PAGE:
The iron tests are reliable aren't they?
Yeah. But like for the minerals, they're all pretty basic. They're not really going to tell you much about your actual diet. Another good one that I'll share is that I think a really good blood test to request from your doctor is something called homocysteine. Have you heard of it?
I have. I couldn't talk about it. I've definitely heard of it. So I'm fascinated. I know the word.
Yeah. Well, I mean, I didn't learn about this at uni or anything either, and I don't think a lot of people know about it, what it is or what it does, but I learned about it through my own sort of health journey as well, and then I dived into the research. So basically it's a protein and it will build up in your blood if you have a deficiency in either folate, which is vitamin B nine or vitamin B12. So if you just got a blood test for vitamin B9 and they looked at serum B9, a lot of the times your blood has a lot of this serum B9 floating around a lot of B12 floating around and your doctor goes, oh, that's good, you've got no deficiency. But those two vitamins need to be activated to actually be used by yourself.
So they can be floating around the blood and high amounts. But the question of whether or not your body is actually using those B vitamins can be answered by testing homocysteine. So if you test your homocysteine and your levels are elevated, you can assume that you've got a deficiency in either vitamin B9 or vitamin B12 or both. And you just sort of play around with that until you get the homocysteine levels down. So I think that's a really good one because that definitely happened to me.
I you know, when I went through my kind of stage where I was doing a lot of restrictive eating, I ended up with nerve damage in my hands and my feet and they, all, the doctors tested me for vitamin B 12 because vitamin B 12 is linked with peripheral neuropathy, which is nerve damage in the hand of feet. And My B12, my serum B12 always came back high, you know, it was, it was always, Yup, you're fine. It's got to be something else. They called it idiopathic peripheral neuropathy. And you know, seven years passed before I finally found out that the B12 blood tests really just does not correlate to your B12 stores. And my body had a problem in activating B12. So even though it was in the blood, my body couldn't get it into the cell.
And so I had to supplement with an activated form of B12 to help my body get that sort of B12 into the cell. And boy, I wish I knew about that seven years ago because maybe the nerve damage is permanent, and maybe that's something I'm going to have to live with. And if I can prevent other people from having any permanent damage from a B12 deficiency or a folate deficiency, I'm going to spread that message. So homocysteine, get it tested.
That sounds like it's potentially wrapped up with the problems that some people have with the MTHFR gene. Yeah, it sounds like it could be linked.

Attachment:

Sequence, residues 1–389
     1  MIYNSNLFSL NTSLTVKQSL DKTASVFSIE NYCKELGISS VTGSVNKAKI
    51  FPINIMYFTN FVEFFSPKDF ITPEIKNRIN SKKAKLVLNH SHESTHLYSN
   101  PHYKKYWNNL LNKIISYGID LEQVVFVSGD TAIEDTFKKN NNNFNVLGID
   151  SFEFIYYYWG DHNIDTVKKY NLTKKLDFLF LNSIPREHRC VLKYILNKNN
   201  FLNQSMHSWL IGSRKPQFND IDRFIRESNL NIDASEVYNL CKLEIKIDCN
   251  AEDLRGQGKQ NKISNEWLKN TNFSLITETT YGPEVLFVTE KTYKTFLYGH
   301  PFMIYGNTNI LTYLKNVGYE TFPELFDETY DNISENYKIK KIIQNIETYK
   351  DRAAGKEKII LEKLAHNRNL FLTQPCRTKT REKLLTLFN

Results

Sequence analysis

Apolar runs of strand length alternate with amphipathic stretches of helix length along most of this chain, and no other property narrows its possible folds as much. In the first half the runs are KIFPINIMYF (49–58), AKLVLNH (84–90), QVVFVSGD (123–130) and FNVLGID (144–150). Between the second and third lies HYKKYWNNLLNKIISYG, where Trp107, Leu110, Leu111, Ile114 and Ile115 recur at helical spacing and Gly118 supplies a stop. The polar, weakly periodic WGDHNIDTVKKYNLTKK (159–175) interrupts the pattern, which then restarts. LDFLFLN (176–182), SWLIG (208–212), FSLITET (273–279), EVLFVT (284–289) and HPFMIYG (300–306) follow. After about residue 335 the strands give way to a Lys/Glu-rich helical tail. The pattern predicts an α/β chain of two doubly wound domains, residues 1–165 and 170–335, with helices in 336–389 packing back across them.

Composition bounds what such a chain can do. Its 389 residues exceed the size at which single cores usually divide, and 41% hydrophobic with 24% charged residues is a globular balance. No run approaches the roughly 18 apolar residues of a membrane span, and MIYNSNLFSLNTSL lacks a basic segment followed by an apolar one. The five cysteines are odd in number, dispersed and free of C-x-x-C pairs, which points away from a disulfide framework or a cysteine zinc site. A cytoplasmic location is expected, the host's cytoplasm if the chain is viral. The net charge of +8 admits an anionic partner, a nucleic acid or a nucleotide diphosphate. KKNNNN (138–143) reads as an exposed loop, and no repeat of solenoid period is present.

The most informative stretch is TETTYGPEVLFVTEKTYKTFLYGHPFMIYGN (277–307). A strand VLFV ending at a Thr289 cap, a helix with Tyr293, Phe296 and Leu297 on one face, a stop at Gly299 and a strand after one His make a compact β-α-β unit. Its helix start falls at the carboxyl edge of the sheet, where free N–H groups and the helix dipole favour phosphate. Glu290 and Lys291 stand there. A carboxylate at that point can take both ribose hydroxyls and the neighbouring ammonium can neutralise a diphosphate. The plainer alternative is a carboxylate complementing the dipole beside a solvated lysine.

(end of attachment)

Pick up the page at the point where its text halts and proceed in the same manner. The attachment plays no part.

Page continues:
There's a lot of different genes which are gonna affect your ability to activate B vitamins and other vitamins and minerals and so on. But yeah, so essentially when I say activation, that actually means methylation and the MTHFR gene mutation that you're talking about, there's a few different types, but one of the more well researched ones means that if you've got the mutation, then you have a reduced ability to methylate things in the body. So turning things on or turning things off like for example, being able to activate a B vitamin to get it into the cell, your body can't do that very well. And you know there's a lot of people walking around with these genetic mutations who have absolutely no problems.
And just because you have a genetic mutation doesn't necessarily mean that you're going to develop these medical problems from it. Everybody's different. It's kind of how it gets expressed in your body. I know with that particular mutation, a lot of people end up with miscarriages and problems with fertility because we know that folate, vitamin B9 is essential to grow in your human and to be fertile. And so if you're not activating vitamin B9 and you're not able to actually get that into your cells and tissues, then yeah, there could be problems with fertility and there could be problems with having a healthy baby, which is awful to think about and awful to think that there's a lot of people that may have this mutation and may have those issues but don't know it and don't know how to actually test whether or not they are deficient in B12. I mean B9 or B12. So you can get tested for the mutation pretty easily and you just ask your doctor to throw on a test for MTHFR and they can just do it with your regular blood test and if you want to know about it, you can know about it.
I mean really the way you sort of manage that mutation is, is by checking on homocysteine anyway. So you know, it's more linked to those deficiencies in B12 and B9 so if you're looking at your homocysteine and keeping that am in a good range, then it doesn't really matter whether you have the mutation or not kind of thing, but a lot of people like to delve into their health more. I would put a, a big beware sticker on that though because it is a little bit scary if you type in or if you Google the MTHFR genetic mutation... I don't know, have you googled it?
Yeah, a whole slew.